Pool & Spa
Running filtration equipment
You can help reduce your peak-period power demand by running filtration equipment before 4 p.m. and after 7 p.m.
Bigger may not be better
Replacing a standard pump and motor assembly with a high-efficiency variable-speed pump will yield impressive savings in electricity costs without a compromise to cleaning effectiveness. Replacing an oversized pool pump with an energy-efficient pump is an investment that usually pays for itself in just two to four years.
Running a pump at half speed reduces power use to one-quarter of that required for full speed. The pump will need to run twice as long at low speed to filter the same amount of water, but you will still save money. Running the pump for 16 hours on low speed costs about half as much as running eight hours on high speed.
Rebates of $350 are available on qualifying ENERGY STAR variable-speed pool pumps until funding is depleted.
Here's a real-life comparison of operating costs:
Pool No. 1, the traditional approach: $51.90 per month
This 25,000 gallon pool has a normal 1.5 horsepower pool pump. It runs eight hours per day. It pumps about 80 gallons per minute, which means that it circulates 38,400 gallons each day. The pump draws 9.0 amps at 240 volts. At a cost of 10 cents per kilowatt-hour, that translates to a cost of $1.73 per day or $51.90 per month to operate the pool.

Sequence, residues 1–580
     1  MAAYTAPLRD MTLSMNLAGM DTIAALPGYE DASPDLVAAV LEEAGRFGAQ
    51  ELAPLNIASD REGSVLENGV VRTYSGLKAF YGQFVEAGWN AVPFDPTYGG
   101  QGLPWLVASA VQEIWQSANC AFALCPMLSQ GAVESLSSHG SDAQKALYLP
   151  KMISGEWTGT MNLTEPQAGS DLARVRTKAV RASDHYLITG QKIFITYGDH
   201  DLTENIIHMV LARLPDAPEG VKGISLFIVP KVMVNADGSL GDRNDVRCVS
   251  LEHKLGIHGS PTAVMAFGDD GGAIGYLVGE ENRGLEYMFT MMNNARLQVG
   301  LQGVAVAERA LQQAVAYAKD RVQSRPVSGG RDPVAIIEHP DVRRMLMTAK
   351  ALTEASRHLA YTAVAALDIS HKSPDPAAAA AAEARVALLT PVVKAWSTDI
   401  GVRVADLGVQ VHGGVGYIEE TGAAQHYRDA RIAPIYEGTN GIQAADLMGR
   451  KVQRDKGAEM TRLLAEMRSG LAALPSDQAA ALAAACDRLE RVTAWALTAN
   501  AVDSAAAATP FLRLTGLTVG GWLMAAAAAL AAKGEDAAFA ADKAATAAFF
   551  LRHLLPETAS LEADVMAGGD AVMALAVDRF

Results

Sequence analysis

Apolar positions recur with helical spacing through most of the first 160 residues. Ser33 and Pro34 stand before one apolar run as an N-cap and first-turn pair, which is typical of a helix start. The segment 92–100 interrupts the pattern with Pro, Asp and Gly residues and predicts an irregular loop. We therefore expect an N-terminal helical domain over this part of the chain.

Pool No. 2, the multi-speed approach: $19.50 per month
This 25,000 gallon pool has a multi-speed 1.5 horsepower pool pump. It runs 12 hours per day in low speed. In low speed it pumps about 40 gallons per minute, which means that it circulates 28,800 gallons each day. (Remember that the pool only needs to turn the water over once each day). The pump draws 2.25 amps at 240 volts in low speed. At a cost of 10 cents per kilowatt-hour, that translates to a cost of $0.65 per day or $19.50 per month to operate the pool.
The multi-speed pump provides just the circulation your pool needs at a fraction of the cost. These figures are for comparison only and actual savings will depend on rate structure and use.
Run the pump
Keeping the pool circulating a longer period of time each day has a couple of advantages:
- The longer periods of circulation will help to reduce algae.
- If you have a salt system, you can run the system many more hours per day and get increased chlorine production if needed.
A good pool cover keeps water temperatures about 10 degrees higher and reduces evaporation of water and chemicals by about 70 percent. Your pool stays warmer -- and cleaner -- as energy use and equipment wear are minimized.
Keeping a spa heated at all times can use a significant amount of energy. If your spa is always on, consider the following tips:
- Lower the temperature by about 3 degrees. This saves 5 to 10 percent in heating costs.
- Run the air jets only when using the spa. The cooling effect of the air bubbles counteracts the energy used to heat the water.
- Keep the spa covered until you're ready to use it. Heat loss is money wasted. Add a floating thermal blanket to the rigid cover used with most spas. The added layer conserves heat and reduces evaporation.
Consult a Professional
While it can be tempting to save money in the short term, you’re not always best served by maintaining your pool or spa yourself. Without proper knowledge and experience with pool equipment and chemicals, you may have to replace equipment more often and you risk structural failures such as cracked pool shells, which can be very expensive to replace. If you’re not sure how to handle a pool or spa issue, talk to a Certified Aquatic Equipment Installer (CAEI) SMUD Professional. To learn more visit www.fpsie.org